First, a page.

path: root/lib
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authorMarco Elver <>2021-11-05 13:45:49 -0700
committerLinus Torvalds <>2021-11-06 13:30:43 -0700
commit4f612ed3f748962cbef1316ff3d323e2b9055b6e (patch)
treee169a92246e0e93b1a4e6ac6be8bccf1e552db1e /lib
parent07e8481d3c38f461d7b79c1d5c9afe013b162b0c (diff)
kfence: default to dynamic branch instead of static keys mode
We have observed that on very large machines with newer CPUs, the static key/branch switching delay is on the order of milliseconds. This is due to the required broadcast IPIs, which simply does not scale well to hundreds of CPUs (cores). If done too frequently, this can adversely affect tail latencies of various workloads. One workaround is to increase the sample interval to several seconds, while decreasing sampled allocation coverage, but the problem still exists and could still increase tail latencies. As already noted in the Kconfig help text, there are trade-offs: at lower sample intervals the dynamic branch results in better performance; however, at very large sample intervals, the static keys mode can result in better performance -- careful benchmarking is recommended. Our initial benchmarking showed that with large enough sample intervals and workloads stressing the allocator, the static keys mode was slightly better. Evaluating and observing the possible system-wide side-effects of the static-key-switching induced broadcast IPIs, however, was a blind spot (in particular on large machines with 100s of cores). Therefore, a major downside of the static keys mode is, unfortunately, that it is hard to predict performance on new system architectures and topologies, but also making conclusions about performance of new workloads based on a limited set of benchmarks. Most distributions will simply select the defaults, while targeting a large variety of different workloads and system architectures. As such, the better default is CONFIG_KFENCE_STATIC_KEYS=n, and re-enabling it is only recommended after careful evaluation. For reference, on x86-64 the condition in kfence_alloc() generates exactly 2 instructions in the kmem_cache_alloc() fast-path: | ... | cmpl $0x0,0x1a8021c(%rip) # ffffffff82d560d0 <kfence_allocation_gate> | je ffffffff812d6003 <kmem_cache_alloc+0x243> | ... which, given kfence_allocation_gate is infrequently modified, should be well predicted by most CPUs. Link: Signed-off-by: Marco Elver <> Cc: Alexander Potapenko <> Cc: Dmitry Vyukov <> Cc: Jann Horn <> Signed-off-by: Andrew Morton <> Signed-off-by: Linus Torvalds <>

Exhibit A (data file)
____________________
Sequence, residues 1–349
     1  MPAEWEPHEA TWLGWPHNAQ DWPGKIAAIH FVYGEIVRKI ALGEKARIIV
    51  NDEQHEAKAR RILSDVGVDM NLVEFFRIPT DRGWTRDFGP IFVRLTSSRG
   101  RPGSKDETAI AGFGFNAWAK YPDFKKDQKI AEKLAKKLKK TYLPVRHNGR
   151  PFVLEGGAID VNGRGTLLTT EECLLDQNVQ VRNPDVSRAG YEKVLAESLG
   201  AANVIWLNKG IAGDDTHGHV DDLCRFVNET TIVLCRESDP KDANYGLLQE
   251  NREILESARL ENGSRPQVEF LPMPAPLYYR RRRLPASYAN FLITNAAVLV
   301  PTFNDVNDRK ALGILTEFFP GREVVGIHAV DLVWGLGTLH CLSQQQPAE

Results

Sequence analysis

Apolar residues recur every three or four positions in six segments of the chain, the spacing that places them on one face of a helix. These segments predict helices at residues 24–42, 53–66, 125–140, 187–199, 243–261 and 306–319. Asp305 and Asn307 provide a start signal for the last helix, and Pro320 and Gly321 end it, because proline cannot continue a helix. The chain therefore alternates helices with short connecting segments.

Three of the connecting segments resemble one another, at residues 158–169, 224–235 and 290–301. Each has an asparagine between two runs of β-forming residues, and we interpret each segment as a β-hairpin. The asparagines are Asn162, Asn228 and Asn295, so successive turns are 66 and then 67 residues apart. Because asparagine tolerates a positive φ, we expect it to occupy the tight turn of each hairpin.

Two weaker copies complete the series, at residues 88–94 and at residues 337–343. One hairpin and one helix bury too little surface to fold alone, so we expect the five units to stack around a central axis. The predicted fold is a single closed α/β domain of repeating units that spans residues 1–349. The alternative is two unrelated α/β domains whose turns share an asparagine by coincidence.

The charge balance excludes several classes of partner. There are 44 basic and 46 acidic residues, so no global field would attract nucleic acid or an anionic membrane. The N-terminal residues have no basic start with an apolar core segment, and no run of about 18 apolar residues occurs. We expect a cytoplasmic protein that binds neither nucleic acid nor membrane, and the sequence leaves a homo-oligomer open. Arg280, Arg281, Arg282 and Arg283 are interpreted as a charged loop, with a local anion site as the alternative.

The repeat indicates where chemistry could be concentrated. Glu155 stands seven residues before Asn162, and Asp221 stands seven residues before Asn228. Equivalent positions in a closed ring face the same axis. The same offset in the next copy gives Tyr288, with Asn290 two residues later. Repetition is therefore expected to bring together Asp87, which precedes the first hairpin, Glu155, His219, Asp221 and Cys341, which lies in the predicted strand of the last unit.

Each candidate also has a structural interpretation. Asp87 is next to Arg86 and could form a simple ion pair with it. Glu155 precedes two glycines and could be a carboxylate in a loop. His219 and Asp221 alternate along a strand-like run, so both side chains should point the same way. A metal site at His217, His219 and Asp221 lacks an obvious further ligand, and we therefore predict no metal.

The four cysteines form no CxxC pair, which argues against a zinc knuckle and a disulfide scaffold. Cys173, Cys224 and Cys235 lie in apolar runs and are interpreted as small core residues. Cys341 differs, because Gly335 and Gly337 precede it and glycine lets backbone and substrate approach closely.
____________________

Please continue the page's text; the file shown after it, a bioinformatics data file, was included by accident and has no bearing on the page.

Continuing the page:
Diffstat (limited to 'lib')
1 files changed, 15 insertions, 11 deletions
diff --git a/lib/Kconfig.kfence b/lib/Kconfig.kfence
index e641add33947..912f252a41fc 100644
--- a/lib/Kconfig.kfence
+++ b/lib/Kconfig.kfence
@@ -25,17 +25,6 @@ menuconfig KFENCE
- bool "Use static keys to set up allocations"
- default y
- depends on JUMP_LABEL # To ensure performance, require jump labels
- help
- Use static keys (static branches) to set up KFENCE allocations. Using
- static keys is normally recommended, because it avoids a dynamic
- branch in the allocator's fast path. However, with very low sample
- intervals, or on systems that do not support jump labels, a dynamic
- branch may still be an acceptable performance trade-off.
int "Default sample interval in milliseconds"
default 100
@@ -56,6 +45,21 @@ config KFENCE_NUM_OBJECTS
pages are required; with one containing the object and two adjacent
ones used as guard pages.
+ bool "Use static keys to set up allocations" if EXPERT
+ depends on JUMP_LABEL
+ help
+ Use static keys (static branches) to set up KFENCE allocations. This
+ option is only recommended when using very large sample intervals, or
+ performance has carefully been evaluated with this option.
+ Using static keys comes with trade-offs that need to be carefully
+ evaluated given target workloads and system architectures. Notably,
+ enabling and disabling static keys invoke IPI broadcasts, the latency
+ and impact of which is much harder to predict than a dynamic branch.
+ Say N if you are unsure.
int "Stress testing of fault handling and error reporting" if EXPERT
default 0